Category Archives: prayer

prayer and the ambiguous direct object infix

image courtesy of heavenawaits

[I’m building a small soccer field in my back yard.  We moved a bunch of dirt around to make the yard level.  Then we added manure and planted grass.  The grass is growing, but it’ll be three or four months before we can play on it, I think.  But that’s all besides the point — just a little aside.]

Five Tanzanian guys helped to plant the grass on the soccer field; and we got it all done in one day.  Christie and I wanted to feed the guys a good Tanzanian meal, so we asked Margaret to cook for the guys — and to cook something they’d really enjoy.  She did.  And the guys anxiously awaited lunch.  

Once we were all washed up and the food was set out, we decided to pray.  Not all these guys are religious, so I asked Kulwa (a Christian) to pray before our meal.  After some discussion as to whether he should pray in Sukuma or Swahili (Swahili was decided upon), he bowed his head and began by saying:

“Tumshukuru.”

Translation:  “We should thank him (or her).” Or even “Let’s thank him (or her).”

See that little ‘m’ towards the beginning of the word?  That’s a direct object marker; it tells us we’re thanking a single person (or being, in this case).  Kulwa could have said, “Tumshukuru Mungu,” and it would have been a very specific, “Let’s thank (him) God.”  

But the him is assumed when preparing to pray, right?

Not if you’re Oscar, one of the other guys in the group — one who was not so accustomed to praying before meals.  He heard, “Let’s thank him/her,” and quickly responded aloud, interrupting Kulwa’s prayer with an emphatic, “Thank you, Margaret!”

We all had a good laugh.  [Except maybe Kulwa who possibly thought Oscar’s comments sacrilegious.]  In the end, though, God was thanked, Margaret was thanked, the guys where thanked, and I’m going to have a beautiful (yet small) soccer field.

Also, it’s always a good idea to thank both God AND the cook for the food.


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meditative prayer: centering down

image courtesy of heavenawaits


A few days ago I posted several very
practical ideas for improving our prayer lives.  Then I published an essay covering some of the stresses of being a missionary in small-town Tanzania.  Today I want to combine these ideas of prayer and stress by offering you a form of meditative prayer which will (likely) bless you greatly.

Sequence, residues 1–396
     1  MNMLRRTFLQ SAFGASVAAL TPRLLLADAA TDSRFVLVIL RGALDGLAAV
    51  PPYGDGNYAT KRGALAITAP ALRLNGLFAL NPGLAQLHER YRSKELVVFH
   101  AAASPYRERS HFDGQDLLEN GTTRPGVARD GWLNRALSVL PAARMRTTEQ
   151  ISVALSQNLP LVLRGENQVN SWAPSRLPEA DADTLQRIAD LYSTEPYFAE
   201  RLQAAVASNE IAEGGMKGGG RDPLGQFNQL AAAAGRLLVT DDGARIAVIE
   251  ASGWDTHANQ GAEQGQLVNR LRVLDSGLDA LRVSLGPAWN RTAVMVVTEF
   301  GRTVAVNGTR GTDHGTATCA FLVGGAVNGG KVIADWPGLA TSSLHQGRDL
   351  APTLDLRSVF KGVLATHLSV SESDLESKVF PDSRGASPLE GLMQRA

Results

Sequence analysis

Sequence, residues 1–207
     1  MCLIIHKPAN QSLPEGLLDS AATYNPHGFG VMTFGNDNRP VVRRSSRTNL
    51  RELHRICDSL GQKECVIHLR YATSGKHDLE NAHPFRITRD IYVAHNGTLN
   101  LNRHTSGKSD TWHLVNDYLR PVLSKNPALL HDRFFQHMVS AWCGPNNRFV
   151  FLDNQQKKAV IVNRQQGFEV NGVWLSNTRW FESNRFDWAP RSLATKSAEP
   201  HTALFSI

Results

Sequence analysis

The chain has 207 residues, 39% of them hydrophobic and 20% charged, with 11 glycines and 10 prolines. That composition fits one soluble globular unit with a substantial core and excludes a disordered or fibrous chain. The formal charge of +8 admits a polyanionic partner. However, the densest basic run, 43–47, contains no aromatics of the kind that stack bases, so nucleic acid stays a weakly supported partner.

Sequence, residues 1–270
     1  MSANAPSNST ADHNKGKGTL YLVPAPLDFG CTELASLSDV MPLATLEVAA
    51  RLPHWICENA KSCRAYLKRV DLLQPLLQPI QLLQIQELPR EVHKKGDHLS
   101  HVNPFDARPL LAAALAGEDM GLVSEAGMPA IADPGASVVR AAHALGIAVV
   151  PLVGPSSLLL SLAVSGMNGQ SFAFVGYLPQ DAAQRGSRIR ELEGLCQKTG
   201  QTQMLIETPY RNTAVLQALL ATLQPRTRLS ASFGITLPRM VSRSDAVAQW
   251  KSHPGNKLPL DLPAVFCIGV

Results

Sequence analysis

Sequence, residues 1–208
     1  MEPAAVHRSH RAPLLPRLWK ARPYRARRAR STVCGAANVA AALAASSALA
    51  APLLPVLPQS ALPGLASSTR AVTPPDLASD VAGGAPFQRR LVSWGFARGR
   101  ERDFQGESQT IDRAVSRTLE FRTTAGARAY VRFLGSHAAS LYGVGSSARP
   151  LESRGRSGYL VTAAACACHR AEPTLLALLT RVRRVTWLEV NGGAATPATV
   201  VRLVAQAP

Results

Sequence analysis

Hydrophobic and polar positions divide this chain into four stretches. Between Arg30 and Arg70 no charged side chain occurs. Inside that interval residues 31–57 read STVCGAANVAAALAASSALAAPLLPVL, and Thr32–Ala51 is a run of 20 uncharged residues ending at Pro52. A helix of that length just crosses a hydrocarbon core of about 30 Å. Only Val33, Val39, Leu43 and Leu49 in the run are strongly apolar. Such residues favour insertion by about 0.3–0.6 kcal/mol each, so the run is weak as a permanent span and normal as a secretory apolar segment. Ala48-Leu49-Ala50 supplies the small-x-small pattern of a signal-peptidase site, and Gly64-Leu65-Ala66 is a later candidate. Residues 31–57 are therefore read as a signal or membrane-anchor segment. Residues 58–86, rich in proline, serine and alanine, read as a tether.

I can’t remember from whom I learned this practice, but he called it “centering down.”  And I was told it was a Quaker form of prayer.  I’ve done a little research since then, and it seems the idea of centering down is much bigger than this one very particular prayer practice.  Centering down (as best as I can tell) is the practice of contemplative prayer which allows one to experience God’s presence deep within himself. It seems to reach well beyond thinking about God and encourages us to be one with God and to delight in his presence.

There must exist hundreds of ways to accomplish this.  The method I’m offering today is only one of these.  I’m not suggesting you replace your regular prayer time with this practice, but I do believe it is a wonderful discipline which will bless your life.  Though I now realize “centering down” is a much broader concept, I’ll still refer to this form of meditative prayer as just that.  [I’ve also heard it called “re-collection prayer.”]

  1. Find a comfortable seat. Don’t lean forward, though neither should you slouch as if attempting to sleep.  I like to sit in a hardwood chair or even on a stool.  I’m sure many sit cross-legged on the floor; I do not know, however, if they make an “O” with their thumb and index finger.  I also don’t know if they refer to their sitting as “criss cross apple sauce.”  But I really hope they do.
  2. Close your eyes.
  3. Place your hands face-down on your lap. This represents letting go of all that has filled your mind.
  4. In silence, give to God all your anxieties, concerns, and worries.  Surrender to him all those thoughts which occupy your mind.  I begin by thinking this phrase:  “Lord I give to you….”
  5. Now, maintaining this same posture, rotate your hands so that your palms are face-up.  This is symbolic for receiving blessings and peace from God.
  6. In silence, ask God to grant you peace.  You may ask for any number of blessings (such as strength, courage, faith, patience, etc). I begin by saying:  “Lord, please fill me with your…”
  7. Sit in silence for some time, focused on God — and simply resting in his presence.*

This form of prayer has helped me immensely over the past few years.  One of the greatest benefits (for me) is that it helps me rid my mind of stray thoughts and concerns — so that I can practice being present with God.  Fully present with him.

I can imagine, too, that centering down would be of tremendous value to those who tend to be anxious or worried.

I can’t help but think of these two passages.  I’ll leave you with them:

“Do not worry about anything, but in everything by prayer and supplication with thanksgiving let your requests be made known to God.  And the peace of God, which surpasses all understanding, will guard your hearts and your minds in Christ Jesus.” — Philippians 4:6-7


“Cast all your anxieties on him, because he cares for you.” — 1 Peter 5:7

 


*If you read this post and worry that centering prayer will take you too long, you most likely are wrong.  I’ve been amazed at the impact less than five minutes of this centering down exercise can have on an entire day.


P.S. — The irony is not lost on me that the image accompanying this post is of clenched fists during prayer — which could symbolize either 1) an unwillingness to give to God our concerns or 2) a refusal to accept from him his blessings.  But it does make me wonder why our traditional posture of prayer involves clenched (or at least folded) hands.